The Kinew government has unveiled a five-point community safety plan aimed at bolstering Manitoba’s bail system and cracking down on repeat offenders.

Premier Wab Kinew said the plan equips Crown prosecutors to consider the impacts of bail on victims and the community, particularly in cases of intimate partner violence and chronic violent offenders.

Crown attorneys will assess whether detention is necessary to maintain public confidence in the justice system and public safety having regard for ‘all the circumstances including any relevant community perspectives.’

“If we know that there’s an issue in a local community or if we know that there’s an issue in downtown or we know that this individual is causing an issue on a repeat basis, that’s now going to be factored in,” Kinew told CTV Morning Live Winnipeg ahead of the announcement.

“It seems like something that should have been happening all along, but we’re now going to introduce that as a standard.”

The plan also includes $3 million to add 12 new Winnipeg Police Service (WPS) officers to help law enforcement track down offenders who violate bail conditions, $514,000 to expand reporting capacity to inform decision-making at the provincial and federal levels, $512,000 to hire five new bail workers to increase monitoring and supervision, and a public safety forum.

“These new policies will set out our government’s clear focus on public safety and our crown attorneys’ role in ensuring and maintaining that community safety,” said Manitoba Justice Minister Matt Wiebe at a news conference Thursday.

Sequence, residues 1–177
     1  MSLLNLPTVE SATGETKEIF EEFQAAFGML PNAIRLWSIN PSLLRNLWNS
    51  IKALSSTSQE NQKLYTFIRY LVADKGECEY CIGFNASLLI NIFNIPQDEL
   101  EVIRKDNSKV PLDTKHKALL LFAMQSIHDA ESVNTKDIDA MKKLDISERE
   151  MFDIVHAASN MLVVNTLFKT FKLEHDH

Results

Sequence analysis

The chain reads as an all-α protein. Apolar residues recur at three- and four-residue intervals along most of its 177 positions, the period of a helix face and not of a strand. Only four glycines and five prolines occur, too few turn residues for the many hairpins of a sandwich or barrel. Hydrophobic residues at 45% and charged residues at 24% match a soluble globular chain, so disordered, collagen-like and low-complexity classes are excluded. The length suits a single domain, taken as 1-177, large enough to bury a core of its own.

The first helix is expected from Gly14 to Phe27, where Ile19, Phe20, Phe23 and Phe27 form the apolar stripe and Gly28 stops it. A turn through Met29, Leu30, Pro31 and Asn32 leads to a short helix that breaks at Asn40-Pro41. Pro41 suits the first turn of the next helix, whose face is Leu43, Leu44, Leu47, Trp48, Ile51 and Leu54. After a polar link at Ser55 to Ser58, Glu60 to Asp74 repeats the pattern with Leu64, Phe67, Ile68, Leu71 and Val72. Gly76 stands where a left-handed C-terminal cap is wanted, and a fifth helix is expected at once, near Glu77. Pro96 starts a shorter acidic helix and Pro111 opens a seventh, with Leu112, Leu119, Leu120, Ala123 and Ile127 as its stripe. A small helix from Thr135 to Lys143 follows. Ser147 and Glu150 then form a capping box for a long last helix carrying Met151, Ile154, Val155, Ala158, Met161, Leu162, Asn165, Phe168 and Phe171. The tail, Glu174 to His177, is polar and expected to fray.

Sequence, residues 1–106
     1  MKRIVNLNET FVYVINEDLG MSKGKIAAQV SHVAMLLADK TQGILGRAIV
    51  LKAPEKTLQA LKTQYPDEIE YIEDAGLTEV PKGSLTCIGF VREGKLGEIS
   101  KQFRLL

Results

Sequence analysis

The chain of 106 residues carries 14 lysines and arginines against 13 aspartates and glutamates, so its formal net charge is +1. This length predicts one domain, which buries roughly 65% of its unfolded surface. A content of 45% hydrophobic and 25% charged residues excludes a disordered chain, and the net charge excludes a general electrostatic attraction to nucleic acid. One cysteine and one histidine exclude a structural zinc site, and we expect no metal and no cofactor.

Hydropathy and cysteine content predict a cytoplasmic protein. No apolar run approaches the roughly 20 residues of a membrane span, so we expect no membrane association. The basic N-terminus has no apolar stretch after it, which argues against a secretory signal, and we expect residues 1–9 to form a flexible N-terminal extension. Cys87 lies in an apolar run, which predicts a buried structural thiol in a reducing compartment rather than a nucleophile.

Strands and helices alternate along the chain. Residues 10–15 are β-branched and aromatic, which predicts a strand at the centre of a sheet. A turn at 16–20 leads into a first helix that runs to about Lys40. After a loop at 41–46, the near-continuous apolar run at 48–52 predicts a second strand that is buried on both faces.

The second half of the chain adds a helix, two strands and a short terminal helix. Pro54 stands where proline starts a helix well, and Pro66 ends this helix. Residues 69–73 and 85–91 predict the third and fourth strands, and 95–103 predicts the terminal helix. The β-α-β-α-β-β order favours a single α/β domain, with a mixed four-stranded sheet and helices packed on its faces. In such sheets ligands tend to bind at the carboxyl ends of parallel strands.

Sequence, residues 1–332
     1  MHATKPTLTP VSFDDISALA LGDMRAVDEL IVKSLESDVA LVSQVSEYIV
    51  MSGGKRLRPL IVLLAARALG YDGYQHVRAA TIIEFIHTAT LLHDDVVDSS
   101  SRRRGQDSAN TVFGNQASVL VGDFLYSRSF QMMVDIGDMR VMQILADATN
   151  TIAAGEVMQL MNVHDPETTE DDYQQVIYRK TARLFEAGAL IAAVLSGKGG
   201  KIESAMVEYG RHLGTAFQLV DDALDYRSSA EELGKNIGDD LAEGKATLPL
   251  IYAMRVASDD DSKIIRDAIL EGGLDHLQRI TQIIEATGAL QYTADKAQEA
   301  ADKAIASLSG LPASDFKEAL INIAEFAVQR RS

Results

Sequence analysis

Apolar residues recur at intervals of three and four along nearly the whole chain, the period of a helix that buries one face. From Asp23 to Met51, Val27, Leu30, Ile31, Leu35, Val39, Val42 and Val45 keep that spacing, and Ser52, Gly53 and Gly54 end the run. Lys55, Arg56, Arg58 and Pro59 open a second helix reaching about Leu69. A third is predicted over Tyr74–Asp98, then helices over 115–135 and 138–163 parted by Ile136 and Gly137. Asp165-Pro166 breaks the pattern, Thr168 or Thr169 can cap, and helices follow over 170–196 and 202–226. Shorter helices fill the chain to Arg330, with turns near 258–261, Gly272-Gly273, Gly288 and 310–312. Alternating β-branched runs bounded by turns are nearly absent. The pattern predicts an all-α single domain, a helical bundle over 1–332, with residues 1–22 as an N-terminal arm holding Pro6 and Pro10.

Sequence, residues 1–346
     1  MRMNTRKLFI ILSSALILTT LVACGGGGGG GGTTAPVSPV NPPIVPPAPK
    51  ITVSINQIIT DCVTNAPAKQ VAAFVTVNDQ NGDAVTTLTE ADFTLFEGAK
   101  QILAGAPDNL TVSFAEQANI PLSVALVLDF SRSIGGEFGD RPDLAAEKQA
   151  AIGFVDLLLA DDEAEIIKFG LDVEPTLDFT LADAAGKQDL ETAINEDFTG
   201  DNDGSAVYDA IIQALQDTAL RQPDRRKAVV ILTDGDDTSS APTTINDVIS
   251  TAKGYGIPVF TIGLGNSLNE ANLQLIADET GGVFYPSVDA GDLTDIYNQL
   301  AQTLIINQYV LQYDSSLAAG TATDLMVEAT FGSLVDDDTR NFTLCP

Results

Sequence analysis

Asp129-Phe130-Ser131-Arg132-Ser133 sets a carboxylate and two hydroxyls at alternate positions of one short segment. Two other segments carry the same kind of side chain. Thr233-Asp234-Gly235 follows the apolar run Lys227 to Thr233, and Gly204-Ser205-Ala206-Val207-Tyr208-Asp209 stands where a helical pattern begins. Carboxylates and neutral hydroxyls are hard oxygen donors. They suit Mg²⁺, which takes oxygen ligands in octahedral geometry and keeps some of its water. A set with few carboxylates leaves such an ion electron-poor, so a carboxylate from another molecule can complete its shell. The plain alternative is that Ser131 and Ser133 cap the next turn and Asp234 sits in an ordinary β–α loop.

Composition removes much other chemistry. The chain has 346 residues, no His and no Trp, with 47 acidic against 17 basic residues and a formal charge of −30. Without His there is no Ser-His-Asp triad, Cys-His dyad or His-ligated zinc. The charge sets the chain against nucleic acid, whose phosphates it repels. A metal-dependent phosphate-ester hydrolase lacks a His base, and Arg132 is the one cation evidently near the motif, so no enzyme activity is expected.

Bail reform announcement

New policies in step with federal bail reform bill: WPS

WPS acting deputy chief Dave Dalal says the new plan aligns with Bill C-48, approved by the House of Commons in December.

The bill expands the use of reverse-onus provisions, which force the accused, in certain cases, to demonstrate why they should be released on bail, rather than requiring prosecutors to prove why they should remain in custody.

The bill also broadens the reverse onus targeting repeat offenders of intimate partner violence and requires the courts to consider an accused person’s history of convictions for violence when making a bail decision.

“Every day, police officers see the impacts first-hand of violent and repeat offenders, the impact they have on victims and the community as a whole,” Dalal said.

“We welcome the opportunity to work with our partners in the criminal justice system to strengthen the bail system and to increase public safety. I believe today’s announcement aligns perfectly with the philosophy of Bill C-48.”

However, some are questioning the plan. Winnipeg defence lawyer Scott Newman isn't sure the new provincial guidelines will change anything for prosecutors.

"For anyone who is that obvious a danger, whether it's because of firearms or repeated domestic violence or breaches of bail - in my experience, the Crown’s already opposing those people,” he said.

- With files from CTV’s Jeff Keele, Rachel Lagacé and Isabella Zavarise